The OVRA had a very long file on thr Pope's Master of Ceremonials, his close friend Monsignor Camillo Caccia Dominioni. He was known to lure young boys to his Rome apartment for sex, despite the Pope being aware of this, at least from 1926 on. Another homosexual cleric was Monsignor Ricardo Sanz de Samper, the Prefect of the Pope's Household and papal majordomo, whose fondness for sex with young boys became so open that even Pius was forced to dismiss him in 1928. Another long OVRA file was on the Jesuit Father Pietro Tacchi Venturi, the Pope's emissary to Mussolini, who often had "illicit" relations with young men and had been wounded in a lover's quarrel, which he tried to pass off as an anti-fascist assassination attempt. The Pope retained Venturi as his preferred liaison with Mussolini, despite this obvious fabrication. Another senior cleric blackmailed by the OVRA was Monsignor Enrico Pucci, the chief of the Vatican press department, who worked as an informer for the OVRA from October 1927 onward. Pucci as a rule did not see the Pope very often. Bu he met on a daily basis with the Pope's advisers, to get directions for the editorial stance of the Vatican media. This provided the OVRA with much information. One of the most important informers in the Vatican remains anonymous. His OVRA file simply describes him as the "noted Vatican informer". Kertzer wrote that judging from the high-quality intelligence he provided, the "noted Vatican informer" must have been someone very senior, so that his name was never written down.
During the Second World WarEdit
During World War II, the OVRA was used by Mussolini to control resistance groups in the Balkans (Tito's National Liberation Army especially) prior to the 1943 armistice and withdrawal. In 1943, with the Allied invasion of Italy, the OVRA began to recruit double agents to infiltrate the British SOE, but these efforts failed to stop Mussolini's ouster. With the establishment of the Italian Social Republic in northern Italy, many OVRA agents flocked to this state led by Mussolini, fighting until Mussolini was executed by Italian partisans on April 28, 1945. OVRA agents were favourite targets of communist partisans, as they were a symbol of the fascist government.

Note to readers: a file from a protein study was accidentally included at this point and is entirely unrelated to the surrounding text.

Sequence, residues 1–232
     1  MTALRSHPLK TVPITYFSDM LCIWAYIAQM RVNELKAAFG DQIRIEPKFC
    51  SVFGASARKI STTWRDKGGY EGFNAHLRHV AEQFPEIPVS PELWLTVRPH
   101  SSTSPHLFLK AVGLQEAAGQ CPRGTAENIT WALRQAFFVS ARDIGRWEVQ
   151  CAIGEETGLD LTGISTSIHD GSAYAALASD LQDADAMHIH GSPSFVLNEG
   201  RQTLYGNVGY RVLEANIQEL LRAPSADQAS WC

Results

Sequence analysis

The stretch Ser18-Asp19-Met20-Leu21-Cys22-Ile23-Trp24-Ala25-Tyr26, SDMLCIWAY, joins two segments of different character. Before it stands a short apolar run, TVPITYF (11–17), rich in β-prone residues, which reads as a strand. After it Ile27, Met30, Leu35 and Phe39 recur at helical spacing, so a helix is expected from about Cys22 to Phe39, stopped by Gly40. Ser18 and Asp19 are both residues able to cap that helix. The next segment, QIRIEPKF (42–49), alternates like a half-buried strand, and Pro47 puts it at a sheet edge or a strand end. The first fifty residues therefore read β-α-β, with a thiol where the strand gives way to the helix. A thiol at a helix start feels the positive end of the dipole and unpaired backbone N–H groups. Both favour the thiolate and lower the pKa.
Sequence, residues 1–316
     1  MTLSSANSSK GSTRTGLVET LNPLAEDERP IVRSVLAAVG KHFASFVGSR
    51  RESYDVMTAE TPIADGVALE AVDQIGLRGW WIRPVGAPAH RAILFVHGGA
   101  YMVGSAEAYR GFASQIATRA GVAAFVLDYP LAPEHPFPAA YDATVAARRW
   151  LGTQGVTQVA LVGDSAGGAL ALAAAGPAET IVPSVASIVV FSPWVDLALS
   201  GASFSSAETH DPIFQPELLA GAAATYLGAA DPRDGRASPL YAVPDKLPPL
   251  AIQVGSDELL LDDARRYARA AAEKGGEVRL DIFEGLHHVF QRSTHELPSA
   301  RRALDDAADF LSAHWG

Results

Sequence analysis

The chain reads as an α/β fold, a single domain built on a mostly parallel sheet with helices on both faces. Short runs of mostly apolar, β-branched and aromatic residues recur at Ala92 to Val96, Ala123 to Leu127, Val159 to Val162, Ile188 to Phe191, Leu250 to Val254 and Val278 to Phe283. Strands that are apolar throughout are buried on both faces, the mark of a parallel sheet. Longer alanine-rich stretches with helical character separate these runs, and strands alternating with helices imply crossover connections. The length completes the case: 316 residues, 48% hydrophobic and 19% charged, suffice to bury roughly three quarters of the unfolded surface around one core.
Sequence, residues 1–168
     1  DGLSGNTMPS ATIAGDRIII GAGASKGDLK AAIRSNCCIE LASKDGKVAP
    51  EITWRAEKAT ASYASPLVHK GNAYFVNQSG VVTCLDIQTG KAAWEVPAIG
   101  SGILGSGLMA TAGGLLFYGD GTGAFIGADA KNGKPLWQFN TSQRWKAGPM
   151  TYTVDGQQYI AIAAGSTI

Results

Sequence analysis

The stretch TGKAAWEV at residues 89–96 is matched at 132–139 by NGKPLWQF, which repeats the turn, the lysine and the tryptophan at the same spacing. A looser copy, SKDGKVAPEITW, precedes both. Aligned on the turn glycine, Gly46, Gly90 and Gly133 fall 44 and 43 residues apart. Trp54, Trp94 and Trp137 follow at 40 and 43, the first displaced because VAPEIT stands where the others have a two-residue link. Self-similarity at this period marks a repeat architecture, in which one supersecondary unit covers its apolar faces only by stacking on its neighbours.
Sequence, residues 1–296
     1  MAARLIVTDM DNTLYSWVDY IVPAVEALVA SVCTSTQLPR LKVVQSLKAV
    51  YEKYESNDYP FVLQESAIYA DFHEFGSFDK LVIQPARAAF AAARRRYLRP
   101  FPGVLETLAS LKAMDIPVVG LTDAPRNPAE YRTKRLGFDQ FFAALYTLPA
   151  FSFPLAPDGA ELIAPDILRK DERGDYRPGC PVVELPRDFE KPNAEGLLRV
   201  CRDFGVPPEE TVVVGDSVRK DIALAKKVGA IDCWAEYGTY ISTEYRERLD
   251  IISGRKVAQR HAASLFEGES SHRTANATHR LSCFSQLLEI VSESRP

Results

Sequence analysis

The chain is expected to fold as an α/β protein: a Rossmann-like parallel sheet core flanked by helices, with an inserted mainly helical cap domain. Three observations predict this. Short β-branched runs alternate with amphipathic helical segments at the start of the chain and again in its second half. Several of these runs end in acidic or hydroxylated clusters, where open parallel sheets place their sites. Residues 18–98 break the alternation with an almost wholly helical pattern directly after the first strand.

After the war ended the OVRA was officially disbanded, but a Decree issued on April 26, 1945, stated that the CPC should be maintained and "updated with all the information pertaining to anybody whose political activity is aimed at breaking the laws and regulations enacted by the democratic Government against neo-Fascism, anarchists who are by definition against any law and government, and political activists whose moral depravity and contempt of law could prompt them to instigate unrest or commit acts of terrorism". Later on a division of the PS named Servizio Informazioni Speciali ("Special Informations Service", better known as SIS) was known to have been set up by the new Minister of Interior, the Socialist Giuseppe Romita, as a result of a new reorganization of the Police offices, with the task of taking over the management of the CPC and investigating politically motivated crimes and other felonies related to that particular time (such as black marketeering, etc.), and that many of the former officers of the OVRA were being reinstated as members of the new SIS. Even the person appointed as head of SIS was Inspector General Santoro, one of Leto's former deputies.
Most of the laws and regulations of the old TULPS of 1931 were kept in force by the Italian Republic, and Leto (the former boss of OVRA aforementioned) was later reinstated as a fully fledged national Police officer, and entrusted with the supervision and coordination of Police academies in postwar Italy.
- The Ultimate Spy by H. Keith Melton, ISBN 0-86438-875-6
- Wagner, Margaret E., Osbourne, Linda Barrett, Reyburn, Susan, and the Staff of the Library of Congress (2007). The Library Congress World War II Companion. New York, London, Toronto, Sydney: Symon & Schuster. pp. 982. ISBN 978-0-7432-5219-5.
- Kertzer, David I. (2014). The Pope and Mussolini: The Secret History of Pius XI and the Rise of Fascism in Europe. Oxford University Press.CS1 maint: ref=harv (link)